On Sunday, doctors treating COVID-19 cases in Indore claimed that a more virulent strain may be wreaking havoc in the city, which has emerged as the coronavirus hotspot in Madhya Pradesh. They said samples from Indore, where COVID-19 has killed 57 people, will be sent to the Pune-based National Institute of Virology (NIV) to confirm their apprehensions of the strain being deadlier than in other parts of the country. "We have a feeling the strain is definitely more virulent in Indore belt. We have discussed this with the NIV and will be sending samples for them to compare by extraction of virus genome," Dean of Government Mahatma Gandhi Memorial (MGM) Medical College Jyoti Bindal told PTI. "There are also other factors also for the high fatality rate, like patients turning up at the hospitals late," she said.
Jitendra Bhargava, director of the state government-run School of Excellence in Pulmonary Medicine, also shared Bindal's concern, saying the high mortality rate in Indore needs to be investigated through viral culture and RNA extraction.
Though there is no concrete scientific proof of a palpable divergence in mortality rates caused by different strains of the coronavirus (age, lifestyle, co-morbidities and severity of the symptoms at the time of hospitalisation all play a major role in determining the fatality rate), a study from China had found the presence of different strains of the virus which it named 'L' and 'S' strains.
What are the different strains of the virus?
According to a study, 'On the origin and continuing evolution of SARS-CoV-2', published in National Science Review, the more aggressive L type of coronavirus was found more in the early stages of Wuhan outbreak, but its frequency decreased due to human intervention. "Population genetic analyses of 103 SARS-CoV-2 genomes indicated that these viruses evolved into two major types (designated L and S), that are well defined by two different SNPs that show nearly complete linkage across the viral strains sequenced to date. Although the L type (~70%) is more prevalent than the S type (~30%), the S type was found to be the ancestral version."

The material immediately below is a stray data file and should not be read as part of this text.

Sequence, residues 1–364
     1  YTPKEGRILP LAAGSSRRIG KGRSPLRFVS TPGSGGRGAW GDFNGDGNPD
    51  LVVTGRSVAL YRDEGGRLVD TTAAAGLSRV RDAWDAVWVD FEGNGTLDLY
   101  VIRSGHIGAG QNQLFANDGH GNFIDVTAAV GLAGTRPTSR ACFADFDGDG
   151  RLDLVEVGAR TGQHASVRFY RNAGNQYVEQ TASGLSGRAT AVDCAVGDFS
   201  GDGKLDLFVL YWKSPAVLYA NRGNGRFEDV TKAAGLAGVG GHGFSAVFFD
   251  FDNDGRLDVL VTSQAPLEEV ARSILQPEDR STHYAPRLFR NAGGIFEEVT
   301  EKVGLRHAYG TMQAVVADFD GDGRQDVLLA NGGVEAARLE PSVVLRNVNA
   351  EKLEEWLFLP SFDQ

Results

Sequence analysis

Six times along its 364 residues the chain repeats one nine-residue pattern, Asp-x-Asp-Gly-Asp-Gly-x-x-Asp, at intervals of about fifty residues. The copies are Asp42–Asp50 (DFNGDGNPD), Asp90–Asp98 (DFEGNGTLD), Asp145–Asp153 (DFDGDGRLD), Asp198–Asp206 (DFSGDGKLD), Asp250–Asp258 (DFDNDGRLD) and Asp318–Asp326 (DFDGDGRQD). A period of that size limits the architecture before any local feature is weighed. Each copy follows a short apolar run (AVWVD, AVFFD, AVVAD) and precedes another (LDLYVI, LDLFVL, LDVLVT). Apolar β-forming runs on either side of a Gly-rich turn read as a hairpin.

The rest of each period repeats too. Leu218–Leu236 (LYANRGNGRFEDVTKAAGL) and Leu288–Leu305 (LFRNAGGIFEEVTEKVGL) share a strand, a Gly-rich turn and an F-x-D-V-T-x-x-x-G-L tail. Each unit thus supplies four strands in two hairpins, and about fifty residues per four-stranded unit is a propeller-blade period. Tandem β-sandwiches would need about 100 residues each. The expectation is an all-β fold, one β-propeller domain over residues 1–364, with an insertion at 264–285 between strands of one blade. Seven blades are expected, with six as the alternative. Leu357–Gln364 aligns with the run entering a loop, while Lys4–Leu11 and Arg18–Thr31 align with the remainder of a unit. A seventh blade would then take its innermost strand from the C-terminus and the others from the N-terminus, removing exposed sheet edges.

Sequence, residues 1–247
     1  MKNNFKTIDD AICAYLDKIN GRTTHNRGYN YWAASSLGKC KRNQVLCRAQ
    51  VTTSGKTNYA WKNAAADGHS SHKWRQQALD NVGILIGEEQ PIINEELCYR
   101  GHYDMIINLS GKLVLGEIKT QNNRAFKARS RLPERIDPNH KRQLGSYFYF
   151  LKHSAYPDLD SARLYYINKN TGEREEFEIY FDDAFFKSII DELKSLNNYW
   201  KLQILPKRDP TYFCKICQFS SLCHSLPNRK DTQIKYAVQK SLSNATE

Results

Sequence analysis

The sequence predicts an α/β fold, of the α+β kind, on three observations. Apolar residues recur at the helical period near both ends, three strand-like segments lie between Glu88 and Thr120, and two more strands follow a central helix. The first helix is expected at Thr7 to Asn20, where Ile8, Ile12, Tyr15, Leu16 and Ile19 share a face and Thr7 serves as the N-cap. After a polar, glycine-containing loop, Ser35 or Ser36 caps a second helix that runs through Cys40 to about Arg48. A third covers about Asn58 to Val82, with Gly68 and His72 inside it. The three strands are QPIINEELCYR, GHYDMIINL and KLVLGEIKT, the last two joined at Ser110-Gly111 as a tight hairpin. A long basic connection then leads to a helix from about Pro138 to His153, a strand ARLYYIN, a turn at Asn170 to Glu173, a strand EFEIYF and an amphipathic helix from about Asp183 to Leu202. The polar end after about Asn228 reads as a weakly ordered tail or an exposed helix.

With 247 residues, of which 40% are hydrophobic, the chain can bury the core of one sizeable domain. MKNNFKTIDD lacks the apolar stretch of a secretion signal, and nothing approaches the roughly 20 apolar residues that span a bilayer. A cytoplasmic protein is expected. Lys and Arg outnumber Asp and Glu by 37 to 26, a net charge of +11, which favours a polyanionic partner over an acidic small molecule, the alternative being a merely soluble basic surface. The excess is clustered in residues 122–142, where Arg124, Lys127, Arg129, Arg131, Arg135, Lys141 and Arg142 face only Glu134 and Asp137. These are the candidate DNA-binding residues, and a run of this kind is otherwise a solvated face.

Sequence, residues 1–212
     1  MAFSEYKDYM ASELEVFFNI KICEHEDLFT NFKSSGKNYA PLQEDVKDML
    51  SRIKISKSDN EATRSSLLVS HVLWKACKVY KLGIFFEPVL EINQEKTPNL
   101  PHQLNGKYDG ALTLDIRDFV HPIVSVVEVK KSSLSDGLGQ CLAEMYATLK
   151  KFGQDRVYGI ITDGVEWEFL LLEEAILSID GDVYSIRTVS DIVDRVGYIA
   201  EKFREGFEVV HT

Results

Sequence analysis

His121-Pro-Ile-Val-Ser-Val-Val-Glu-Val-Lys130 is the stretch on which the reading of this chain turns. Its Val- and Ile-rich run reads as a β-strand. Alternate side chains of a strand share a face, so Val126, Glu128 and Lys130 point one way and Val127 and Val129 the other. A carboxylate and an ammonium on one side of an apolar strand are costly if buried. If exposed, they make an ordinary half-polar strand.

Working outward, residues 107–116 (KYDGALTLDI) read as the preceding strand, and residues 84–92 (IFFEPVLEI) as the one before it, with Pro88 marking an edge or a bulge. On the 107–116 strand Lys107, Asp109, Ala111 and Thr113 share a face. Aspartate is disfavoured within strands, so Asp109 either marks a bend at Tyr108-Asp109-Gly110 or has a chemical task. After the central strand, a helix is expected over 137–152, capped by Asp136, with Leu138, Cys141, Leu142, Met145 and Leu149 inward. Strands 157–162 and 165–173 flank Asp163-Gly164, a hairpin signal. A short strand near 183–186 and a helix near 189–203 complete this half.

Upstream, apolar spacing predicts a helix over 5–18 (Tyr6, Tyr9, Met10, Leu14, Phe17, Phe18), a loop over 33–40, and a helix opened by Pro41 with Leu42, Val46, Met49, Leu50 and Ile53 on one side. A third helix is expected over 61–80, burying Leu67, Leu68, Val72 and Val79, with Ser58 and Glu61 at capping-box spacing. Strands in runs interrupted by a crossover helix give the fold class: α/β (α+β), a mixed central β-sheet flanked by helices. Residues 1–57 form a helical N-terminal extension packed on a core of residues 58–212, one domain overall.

"Whereas the L type was more prevalent in the early stages of the outbreak in Wuhan, the frequency of the L type decreased after early January 2020. Human intervention may have placed more severe selective pressure on the L type, which might be more aggressive and spread more quickly. On the other hand, the S type, which is evolutionarily older and less aggressive, might have increased in relative frequency due to relatively weaker selective pressure," according to the study.
'L-type strain' in Gujarat
The dominance of this more aggressive Wuhan L strain is what experts now hypothesise is causing the higher COVID-19 mortality rates in Gujarat, which has reported 133 deaths so far. However, no research has been conducted to confirm this, they said.
A scientist at the state-run Gujarat Biotechnology Research Centre (GBRC) said that the novel coronavirus used for genome sequencing recently conducted by it was found to contain the L-type strain. "Analysis done by scientists abroad has shown that the L-type strain has been dominant where more mortality is reported among coronavirus patients. This strain was found to be more prevalent in Wuhan," director of GBRC, C.G. Joshi, said.
"The coronavirus sample we collected from a patient for genome sequence contained the L-type strain. This strain has a much higher virulence as compared to the S-strain," he said. "Variation in coronavirus is in terms of number and percentage of mutations. As per the analysis, the L-type strain is dominant where more mortality is reported. Scientists have earlier found that this strain has caused more deaths," he said.
The GBRC recently succeeded in decoding the entire genome sequence of the novel coronavirus, and identified its three new mutations.
The Indian Express had reported Atul Patel, an infectious disease specialist at the Sterling hospital, as saying that the mortality rate was low in Kerala because most of the patients came from Dubai which has the milder S strain. He said, according to publication, that Kerala has more cases of the S strain, while the L strain was more common in Italy and France, causing rapid death. “In the US, the New York data is entirely different from the rest of its states. Patients from New York were all travellers from Europe."
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So far, no study has been conducted in India to establish which strain of coronavirus is predominant in patients here.
Again, to emphasise, no study has been conducted to back up the hypothesis of a marked increase in death rates caused by difference in strains of the coronavirus. The Gujarat state government has also attributed the high mortality among coronavirus patients in the state to co-morbidities and high risk factors. Heart and lung diseases, diabetes, and hypertension, are among common diseases that have been found among COVID-19 patients who passed away in Gujarat. The risk factors includes patients in the age group of above over 60 years and under five years of age, and pregnant women, and they account for 90 per cent of patients who passed away, Principal Secretary (Health), Jayanti Ravi had recently said.